The Building Ministers meeting will take place on August 26.
“Renew’s analysis shows that lifting standards will cut bills and leave households with more money in their pocket from day one. Reducing cost of living pressure and cutting emissions at the same time should be a no-brainer.” – Renew CEO Fiona Gray
“Raising minimum energy efficiency standards for new homes is essential to reducing poverty and inequality. It means everyone living in housing built in 2023 and beyond, including social housing and private rental, will benefit from cheaper energy bills and better health outcomes.” – ACOSS Acting CEO Edwina MacDonald
“In Australia our homes are usually our most important purchase, and they’re certainly the most expensive. They need to be comfortable, healthy and designed for tomorrow’s weather, today. The proposed code changes will go a long way to reducing emissions and improving the health of our most important investment – our home.” – Green Building Council of Australia CEO Davina Rooney
“As we’ve learned in the pandemic, our homes are our shelter and places of refuge. Making our homes healthier and more comfortable through improved energy efficiency standards is a no-brainer and will play a big part in helping meet Australia’s emissions reduction targets.” Energy Efficiency Council CEO Luke Menzel
“If we are serious about reducing emissions, saving money, meeting our emissions targets and increasing productivity, we need to continue the momentum towards stronger energy performance of our homes – and this 2022 step change is an important part of the process.” Australian Sustainable Built Environment Council Executive Director Alison Scotland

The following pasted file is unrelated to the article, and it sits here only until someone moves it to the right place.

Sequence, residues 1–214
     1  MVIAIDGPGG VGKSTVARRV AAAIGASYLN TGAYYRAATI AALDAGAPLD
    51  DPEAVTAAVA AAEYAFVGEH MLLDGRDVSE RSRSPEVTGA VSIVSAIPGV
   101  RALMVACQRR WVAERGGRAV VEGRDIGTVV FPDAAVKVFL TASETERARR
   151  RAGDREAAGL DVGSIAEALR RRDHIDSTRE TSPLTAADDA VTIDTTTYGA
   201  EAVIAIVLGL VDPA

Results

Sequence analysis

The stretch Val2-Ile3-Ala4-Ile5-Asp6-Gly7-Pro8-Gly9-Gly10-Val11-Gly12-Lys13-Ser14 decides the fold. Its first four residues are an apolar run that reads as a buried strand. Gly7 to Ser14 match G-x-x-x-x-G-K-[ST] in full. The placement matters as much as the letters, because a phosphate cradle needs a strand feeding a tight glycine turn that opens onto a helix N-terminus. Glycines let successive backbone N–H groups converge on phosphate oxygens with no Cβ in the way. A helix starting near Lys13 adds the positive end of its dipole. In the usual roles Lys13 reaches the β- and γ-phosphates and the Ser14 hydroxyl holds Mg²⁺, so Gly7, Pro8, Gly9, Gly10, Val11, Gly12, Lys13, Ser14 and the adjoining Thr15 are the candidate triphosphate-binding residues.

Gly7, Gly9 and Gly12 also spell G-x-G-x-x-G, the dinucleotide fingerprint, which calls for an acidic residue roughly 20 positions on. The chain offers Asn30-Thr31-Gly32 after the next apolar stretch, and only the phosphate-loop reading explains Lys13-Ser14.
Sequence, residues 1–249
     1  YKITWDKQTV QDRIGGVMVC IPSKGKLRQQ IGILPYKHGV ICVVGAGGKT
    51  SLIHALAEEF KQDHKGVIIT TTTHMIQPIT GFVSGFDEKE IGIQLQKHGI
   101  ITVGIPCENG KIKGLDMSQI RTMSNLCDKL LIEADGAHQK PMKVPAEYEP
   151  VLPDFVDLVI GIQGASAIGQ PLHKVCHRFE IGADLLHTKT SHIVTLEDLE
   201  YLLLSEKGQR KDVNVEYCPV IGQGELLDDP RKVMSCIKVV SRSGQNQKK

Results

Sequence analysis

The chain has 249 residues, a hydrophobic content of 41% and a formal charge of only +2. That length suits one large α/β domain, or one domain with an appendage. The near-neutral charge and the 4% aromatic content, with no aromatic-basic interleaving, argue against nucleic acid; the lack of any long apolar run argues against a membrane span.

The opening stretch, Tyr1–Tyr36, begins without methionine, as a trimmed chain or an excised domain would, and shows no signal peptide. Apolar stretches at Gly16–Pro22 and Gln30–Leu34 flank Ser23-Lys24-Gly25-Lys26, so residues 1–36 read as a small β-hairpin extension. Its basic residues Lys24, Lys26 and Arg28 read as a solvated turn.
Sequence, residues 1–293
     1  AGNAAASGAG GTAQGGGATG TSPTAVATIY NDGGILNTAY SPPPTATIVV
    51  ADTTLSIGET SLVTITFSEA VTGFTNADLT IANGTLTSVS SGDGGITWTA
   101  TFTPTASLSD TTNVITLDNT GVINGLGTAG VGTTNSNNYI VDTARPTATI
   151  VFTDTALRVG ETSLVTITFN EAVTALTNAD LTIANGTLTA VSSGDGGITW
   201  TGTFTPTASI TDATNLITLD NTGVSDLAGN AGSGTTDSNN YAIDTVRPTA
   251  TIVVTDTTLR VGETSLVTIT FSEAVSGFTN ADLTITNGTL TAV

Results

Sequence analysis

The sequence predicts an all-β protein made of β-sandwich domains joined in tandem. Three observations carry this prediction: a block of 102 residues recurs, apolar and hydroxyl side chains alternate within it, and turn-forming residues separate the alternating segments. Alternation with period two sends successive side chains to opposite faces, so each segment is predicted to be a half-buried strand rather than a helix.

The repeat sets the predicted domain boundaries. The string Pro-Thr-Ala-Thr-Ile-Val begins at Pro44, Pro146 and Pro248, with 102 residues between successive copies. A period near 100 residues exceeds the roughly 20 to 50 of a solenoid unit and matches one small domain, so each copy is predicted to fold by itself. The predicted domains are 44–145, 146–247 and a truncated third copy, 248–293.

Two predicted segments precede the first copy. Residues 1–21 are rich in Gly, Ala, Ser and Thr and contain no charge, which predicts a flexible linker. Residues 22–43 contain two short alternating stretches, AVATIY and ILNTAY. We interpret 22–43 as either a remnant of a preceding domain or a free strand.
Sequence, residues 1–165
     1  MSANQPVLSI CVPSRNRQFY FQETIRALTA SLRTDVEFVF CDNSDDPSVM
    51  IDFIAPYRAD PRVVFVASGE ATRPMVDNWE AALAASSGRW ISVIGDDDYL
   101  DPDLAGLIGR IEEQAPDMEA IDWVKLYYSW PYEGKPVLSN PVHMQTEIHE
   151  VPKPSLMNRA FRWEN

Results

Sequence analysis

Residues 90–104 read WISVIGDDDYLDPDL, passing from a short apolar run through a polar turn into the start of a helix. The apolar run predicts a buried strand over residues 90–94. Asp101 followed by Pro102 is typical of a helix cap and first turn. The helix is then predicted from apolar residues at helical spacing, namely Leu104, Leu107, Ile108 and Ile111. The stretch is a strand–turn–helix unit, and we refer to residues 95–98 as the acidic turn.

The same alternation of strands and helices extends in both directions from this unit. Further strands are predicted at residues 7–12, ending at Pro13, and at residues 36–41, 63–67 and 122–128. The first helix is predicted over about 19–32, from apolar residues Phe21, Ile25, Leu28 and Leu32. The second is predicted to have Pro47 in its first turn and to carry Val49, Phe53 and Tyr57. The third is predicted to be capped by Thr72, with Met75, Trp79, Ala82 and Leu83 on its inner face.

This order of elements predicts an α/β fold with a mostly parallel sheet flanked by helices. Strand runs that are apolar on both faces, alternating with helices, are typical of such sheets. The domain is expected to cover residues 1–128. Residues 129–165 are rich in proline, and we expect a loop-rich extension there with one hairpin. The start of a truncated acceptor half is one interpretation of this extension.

“With homebuyers becoming more environmentally conscious and seeking ways to reduce their bills, it is time for 7-Star energy efficient homes to become the new normal to lock in decades of benefits in houses that are cheaper to run, more comfortable and emit less harmful greenhouse gases.” – Andrew Whitson, CEO Communities, Stockland
“Many Australians are currently living in glorified tents, and that’s not just bad for our health but it’s also bad for our environment. This is Australia’s opportunity to improve its energy efficiency standards which will make our homes safer, more efficient, more affordable and help to address climate change.” Climate Council CEO Amanda McKenzie
“Rising energy prices, increasingly hotter and colder temperatures and the imperative to reduce the emissions footprint of our homes mean that we can no longer continue building inadequate housing. There is overwhelming support for lifting the burden of poor housing on Australian families, with 3 in 4 households supporting the 7 star rating standard for new homes.” Energy Consumers Australia CEO Lynne Gallagher
“By strengthening energy provisions in the National Construction Code and mandating the implementation of a 7 star minimum energy standard, Australia’s governments have an opportunity to demonstrate their commitment to reducing emissions, as well as reducing the cost of living and improving building quality and comfort for Australian householders.” Climateworks Centre Cities Lead Margot Delafoulhouze